CINCINNATI — Federal judges on Wednesday ordered Ohio to allow voters who had been purged for not voting over a six-year period to participate in this year's election.
A divided 6th U.S. Circuit Court of Appeals panel granted an emergency motion sought by voting-rights groups. The ruling overturned in part an Oct. 10 ruling by a federal judge that said voters haven't been illegally purged from Ohio's rolls.
Plaintiffs led by the A. Philip Randolph Institute in June lost their broader challenge to Ohio's election administration process as unconstitutional when the U.S. Supreme Court ruling in favor of Ohio's practices.
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But they continued to challenge the confirmation notices the state sent to voters that set off the process of removing them from county voter rolls after not voting in three federal elections or taking other voting-related actions. They said the letters were too vague on letting recipients know the consequences of not responding.
"Plaintiffs have a reasonable, and perhaps even greater, likelihood of success on the merits of their claim that defendant's confirmation notice did not adequately advise registrants of the consequences of failure to respond, as the NVRA (National Voting Rights Act) requires," the court ruled Wednesday.
Judges Julia Smith Gibbons and Eric Clay formed the majority. Judge Eugene Siler Jr. disagreed, saying the plaintiff claims were "all speculation."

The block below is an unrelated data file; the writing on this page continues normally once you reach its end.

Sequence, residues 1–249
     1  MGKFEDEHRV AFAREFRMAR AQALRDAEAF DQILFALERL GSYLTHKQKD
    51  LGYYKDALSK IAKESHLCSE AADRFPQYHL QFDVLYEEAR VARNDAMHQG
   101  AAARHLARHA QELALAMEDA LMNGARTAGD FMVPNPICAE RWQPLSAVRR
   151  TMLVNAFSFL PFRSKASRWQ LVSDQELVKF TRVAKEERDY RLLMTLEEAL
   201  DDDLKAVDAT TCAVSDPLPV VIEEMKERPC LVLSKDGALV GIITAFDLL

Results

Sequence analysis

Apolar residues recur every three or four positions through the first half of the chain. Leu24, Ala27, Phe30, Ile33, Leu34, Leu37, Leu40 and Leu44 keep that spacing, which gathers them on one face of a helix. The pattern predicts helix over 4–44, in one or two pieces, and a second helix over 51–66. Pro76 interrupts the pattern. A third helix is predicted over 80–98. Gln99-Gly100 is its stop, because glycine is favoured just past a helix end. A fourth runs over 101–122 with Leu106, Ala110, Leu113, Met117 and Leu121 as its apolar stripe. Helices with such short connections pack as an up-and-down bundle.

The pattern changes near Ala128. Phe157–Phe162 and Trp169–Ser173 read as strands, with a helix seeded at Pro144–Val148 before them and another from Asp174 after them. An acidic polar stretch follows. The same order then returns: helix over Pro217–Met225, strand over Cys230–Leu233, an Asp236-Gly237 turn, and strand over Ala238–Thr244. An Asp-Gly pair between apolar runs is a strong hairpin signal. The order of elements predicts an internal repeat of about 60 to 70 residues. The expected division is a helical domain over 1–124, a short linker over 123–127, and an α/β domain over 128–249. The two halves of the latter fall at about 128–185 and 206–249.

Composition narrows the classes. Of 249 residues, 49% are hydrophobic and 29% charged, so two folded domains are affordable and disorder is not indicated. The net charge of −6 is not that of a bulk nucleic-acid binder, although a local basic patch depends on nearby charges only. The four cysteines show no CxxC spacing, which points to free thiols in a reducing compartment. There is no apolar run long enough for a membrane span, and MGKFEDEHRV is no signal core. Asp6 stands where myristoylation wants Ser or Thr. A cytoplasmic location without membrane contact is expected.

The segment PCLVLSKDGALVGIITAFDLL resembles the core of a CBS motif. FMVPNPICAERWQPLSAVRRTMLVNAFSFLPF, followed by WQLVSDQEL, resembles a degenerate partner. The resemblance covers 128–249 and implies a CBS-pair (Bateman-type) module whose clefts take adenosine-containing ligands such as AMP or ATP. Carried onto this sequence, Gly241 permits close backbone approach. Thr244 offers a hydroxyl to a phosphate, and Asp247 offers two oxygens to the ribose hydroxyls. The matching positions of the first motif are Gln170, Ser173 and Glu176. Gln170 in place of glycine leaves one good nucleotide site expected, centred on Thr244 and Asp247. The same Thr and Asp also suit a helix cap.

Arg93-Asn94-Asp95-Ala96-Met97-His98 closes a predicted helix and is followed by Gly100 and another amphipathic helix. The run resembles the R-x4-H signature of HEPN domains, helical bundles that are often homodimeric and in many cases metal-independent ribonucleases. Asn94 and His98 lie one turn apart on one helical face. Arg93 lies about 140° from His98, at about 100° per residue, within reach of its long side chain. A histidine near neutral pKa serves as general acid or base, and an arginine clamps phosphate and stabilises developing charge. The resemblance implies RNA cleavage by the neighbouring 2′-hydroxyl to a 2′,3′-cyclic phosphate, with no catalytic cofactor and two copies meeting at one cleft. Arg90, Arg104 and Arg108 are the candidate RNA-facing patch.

Republican Secretary of State Jon Husted said he wouldn't fight the order, to avoid "an unnecessary source of contention with election only five days away." Ohio's procedures will eventually be upheld again, he said, and the state is committed to making it "easy to vote and hard to cheat."
Husted is running for lieutenant governor on a ticket with Attorney General Mike DeWine, who is in a tight race for Democratic gubernatorial nominee Richard Cordray.
The voting-rights groups said that some elections in Ohio, traditionally a swing state, have been settled by small margins, and that turning away potentially thousands of voters could alter outcomes.
"The court's decision will allow more Ohio voters to have their voices heard next Tuesday," attorney Stuart Naifeh of the Demos organization said via email. "Every vote counts, including those cast by voters who may not have been engaged in the political process in recent years. ... In today's ruling, the court recognized that the right to vote is too important to allow states to take it away without giving voters meaningful notice."
Partisan fights overballot access have been playing out around the country. Democrats have accused Republicans of trying to suppress votes from minorities and poorer people who tend to vote for Democrats. Republicans have argued that they are trying to promote ballot integrity and prevent voter fraud.